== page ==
From dinghies to multi-million pound ocean-going yachts, Broads boatbuilder Landamores has crafted them all
96 years of boatbuilding at Landamores
Boat-building in the Broads has existed for as long as the waters themselves. Among one of the longest-established builders today is the family firm of Landamores, based at Hoveton.
Its story began back in 1923, when founding father Ted Landamore opened a fledgling boat hire business. In the following years he moved to building small cruisers and water buses as his business grew.
Landamores acquired a reputation as first-class boatbuilders, its craftsmen creating some of the best-made vessels on the water. But, as with most firms, the advent of the Second World War saw an abrupt change in direction as all hands went to the war effort.
Landamores was no exception and the boat-builders’ woodworking skills were initially put to use making domestic
necessities like clothes horses, stepladders and ironing boards as well as ammunition boxes and floats for mine-sweeping.
But they were soon back doing what they did best. Through the rest of the war they made fast rescue boats for the RAF, ships’ lifeboats and harbour launches.
Once hostilities ended, it was back to business for Ted with boat hire and building new craft and the following decades saw dozens of classic boats, sailing dinghies, cruisers and speedboats leaving the yard.
New materials were entering the sailing world and Landamores was moving with the times, fitting out glass-reinforced plastic hulls and developing a new range of ever-bigger vessels.
In 1973 came the alliance which propelled the firm to the big time. Oyster Marine, famed for creating world-class oceangoing yachts, took Landamores on as their boatbuilder and for almost four decades the Norfolk craftsmen turned out dozens of multi-million pound boats.
The partnership came to an end in 2012 when Oyster took their building in-house but the story for Landamores doesn’t end here, as Rob Spelman-Marriott, who looks after Landamore’s sales, marketing and business development, explains.
“Landamores had been one of the most reputable companies in the UK for a very long time – nearly 100 years. When Oyster took their building in-house the company was going to do something else and always continue to build boats, it was just a question of what was right.
“Now we build a range of classic launches which are suitable for the Norfolk Broads, the Thames and further afield. A lot of them are electric but we also build them with diesel or petrol power
to suit the customer.
“We are also very much a working boatyard so we look after loads of yachts and boats on the Broads and rivers, and we also have a 140-berth marina site in Wroxham,” says Rob.
It is also still very much a family business, with Anthony Landamore and his sister Anna Brooke as directors of the company. Anna’s son John and Anthony’s daughter Jenny are also involved.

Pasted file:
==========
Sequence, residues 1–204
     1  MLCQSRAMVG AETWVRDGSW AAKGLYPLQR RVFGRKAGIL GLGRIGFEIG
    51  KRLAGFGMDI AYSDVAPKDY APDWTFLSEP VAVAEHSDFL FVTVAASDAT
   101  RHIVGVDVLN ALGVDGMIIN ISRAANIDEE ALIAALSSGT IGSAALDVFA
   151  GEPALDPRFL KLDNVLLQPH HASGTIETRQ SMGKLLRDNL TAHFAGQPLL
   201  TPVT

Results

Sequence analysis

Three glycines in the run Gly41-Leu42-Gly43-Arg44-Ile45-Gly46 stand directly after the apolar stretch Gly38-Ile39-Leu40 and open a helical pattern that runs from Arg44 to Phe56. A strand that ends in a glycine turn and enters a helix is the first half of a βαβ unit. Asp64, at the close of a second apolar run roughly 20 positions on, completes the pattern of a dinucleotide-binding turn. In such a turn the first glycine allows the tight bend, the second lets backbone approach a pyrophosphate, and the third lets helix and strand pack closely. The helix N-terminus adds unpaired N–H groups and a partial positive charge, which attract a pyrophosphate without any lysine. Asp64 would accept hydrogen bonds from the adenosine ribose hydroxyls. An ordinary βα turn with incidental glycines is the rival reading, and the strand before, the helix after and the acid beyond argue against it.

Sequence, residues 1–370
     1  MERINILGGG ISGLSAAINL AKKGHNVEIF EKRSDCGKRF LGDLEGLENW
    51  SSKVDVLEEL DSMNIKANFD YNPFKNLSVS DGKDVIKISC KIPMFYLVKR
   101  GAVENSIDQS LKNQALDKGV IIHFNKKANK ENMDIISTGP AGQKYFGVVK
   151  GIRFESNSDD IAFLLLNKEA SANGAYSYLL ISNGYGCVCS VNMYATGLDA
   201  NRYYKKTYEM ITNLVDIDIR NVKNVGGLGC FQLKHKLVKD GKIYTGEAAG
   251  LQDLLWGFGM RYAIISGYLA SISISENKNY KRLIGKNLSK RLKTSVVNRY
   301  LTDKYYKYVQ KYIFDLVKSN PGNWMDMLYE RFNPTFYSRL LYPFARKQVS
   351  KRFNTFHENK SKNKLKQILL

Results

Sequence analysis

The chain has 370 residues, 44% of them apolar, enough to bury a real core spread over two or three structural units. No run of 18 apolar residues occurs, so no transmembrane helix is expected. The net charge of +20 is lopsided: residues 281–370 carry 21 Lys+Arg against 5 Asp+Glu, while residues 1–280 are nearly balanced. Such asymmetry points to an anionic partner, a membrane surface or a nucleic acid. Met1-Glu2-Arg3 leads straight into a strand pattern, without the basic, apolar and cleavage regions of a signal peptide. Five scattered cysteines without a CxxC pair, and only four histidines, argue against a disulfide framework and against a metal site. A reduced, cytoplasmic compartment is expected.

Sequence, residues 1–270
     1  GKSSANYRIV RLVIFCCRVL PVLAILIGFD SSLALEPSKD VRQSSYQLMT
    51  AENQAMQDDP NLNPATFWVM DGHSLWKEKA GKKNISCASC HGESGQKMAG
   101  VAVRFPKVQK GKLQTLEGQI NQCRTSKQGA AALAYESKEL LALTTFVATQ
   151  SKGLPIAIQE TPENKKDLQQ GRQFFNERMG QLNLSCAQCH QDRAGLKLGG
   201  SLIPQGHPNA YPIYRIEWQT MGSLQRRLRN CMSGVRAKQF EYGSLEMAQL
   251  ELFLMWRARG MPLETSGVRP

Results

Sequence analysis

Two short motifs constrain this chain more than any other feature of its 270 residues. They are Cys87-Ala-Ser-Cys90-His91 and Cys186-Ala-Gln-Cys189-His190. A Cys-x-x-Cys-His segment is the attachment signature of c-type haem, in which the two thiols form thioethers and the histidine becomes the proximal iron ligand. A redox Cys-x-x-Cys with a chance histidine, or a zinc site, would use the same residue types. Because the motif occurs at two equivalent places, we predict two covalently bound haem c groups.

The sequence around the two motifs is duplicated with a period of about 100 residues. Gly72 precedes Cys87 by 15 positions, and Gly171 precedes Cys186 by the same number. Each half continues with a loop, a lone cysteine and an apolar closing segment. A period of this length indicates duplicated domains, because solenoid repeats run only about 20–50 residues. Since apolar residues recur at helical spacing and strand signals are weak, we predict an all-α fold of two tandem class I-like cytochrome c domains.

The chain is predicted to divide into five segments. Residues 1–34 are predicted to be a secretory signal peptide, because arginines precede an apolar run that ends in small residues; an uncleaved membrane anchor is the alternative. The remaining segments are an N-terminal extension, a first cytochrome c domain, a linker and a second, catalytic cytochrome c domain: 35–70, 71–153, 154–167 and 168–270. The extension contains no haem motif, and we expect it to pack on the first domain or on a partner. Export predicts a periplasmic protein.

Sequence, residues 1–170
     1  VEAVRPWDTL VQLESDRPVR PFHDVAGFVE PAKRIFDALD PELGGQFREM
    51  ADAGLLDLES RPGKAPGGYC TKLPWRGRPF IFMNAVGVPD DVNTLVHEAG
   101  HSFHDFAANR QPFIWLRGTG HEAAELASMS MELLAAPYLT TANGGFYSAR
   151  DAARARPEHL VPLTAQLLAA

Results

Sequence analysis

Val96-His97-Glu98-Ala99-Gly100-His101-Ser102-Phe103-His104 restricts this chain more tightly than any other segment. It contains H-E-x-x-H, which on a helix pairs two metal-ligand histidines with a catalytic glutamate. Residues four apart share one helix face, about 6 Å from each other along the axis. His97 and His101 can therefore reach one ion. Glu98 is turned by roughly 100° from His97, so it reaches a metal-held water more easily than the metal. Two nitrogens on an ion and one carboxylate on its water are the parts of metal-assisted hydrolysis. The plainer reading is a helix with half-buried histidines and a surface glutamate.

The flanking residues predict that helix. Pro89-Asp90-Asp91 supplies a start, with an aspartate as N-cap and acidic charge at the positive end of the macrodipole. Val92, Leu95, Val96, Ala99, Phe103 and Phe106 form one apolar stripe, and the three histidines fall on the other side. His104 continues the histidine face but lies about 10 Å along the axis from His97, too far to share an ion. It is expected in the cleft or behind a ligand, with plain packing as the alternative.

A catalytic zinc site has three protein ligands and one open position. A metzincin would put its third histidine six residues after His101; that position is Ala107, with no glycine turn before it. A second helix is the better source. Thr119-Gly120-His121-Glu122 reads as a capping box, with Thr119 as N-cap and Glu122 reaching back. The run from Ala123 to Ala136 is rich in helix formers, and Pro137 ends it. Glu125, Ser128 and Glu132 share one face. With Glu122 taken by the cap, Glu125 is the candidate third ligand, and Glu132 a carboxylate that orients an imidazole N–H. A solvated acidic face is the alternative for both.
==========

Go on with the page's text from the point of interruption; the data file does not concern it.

It make sbeautiful craft, like the Slipper launch, an iconic 1940s British design. “They never get old; they are very, very elegant. Very different from the average day boat you get on the Broads!” says Rob, a former professional racing sailor who came to Norfolk eight years ago.
He has fallen in love with his adopted county. “What I love about the Broads is that wherever you are, whatever boat show you’re at, and you say ‘I now live on the Norfolk Broads’, everyone has a story; ‘I went on the Broads when I was a kid!’ or ‘I remember a sailing holiday when my dad took me on the Broads...’
Landamores’ fame is worldwide. “There is a network of people who love wooden craft and want them maintained,” says Rob, saying that they have a 1940s launch which has come to them from Newport, Rhode Island, in the USA, for restoration. Finding the craftsmen to help maintain Landamore’s reputation is not so easy these days. “It’s all about having the right people; as much as you’d like the numbers it’s most important you have the right people,” says Rob.
It took a number of staff back from Oyster and has a relationship with the International Boatbuilding Training College at Lowestoft as well as a good team of youngsters.
Most of their builds are bespoke, with customers selecting a base boat style to put their personal stamp on. “We’re in a day and age where people like to have things to suit themselves,” says Rob.
Building a boat may take two months to a year, depending on specification. And with orders coming in and the promise of more as the firm tours the biggest boat shows in the country there is every probability that Landamores will still be in business in another 90 years.
BELOW LEFT: Boatbuilders at work in the Landamores yard
BELOW: Detail from a Landamores craft
ABOVE: A classic Mayfly 16, a Landamores best-seller, out on the water
ABOVE: Rob SpelmanMarriott, Anthony Landamore and Jon Brooke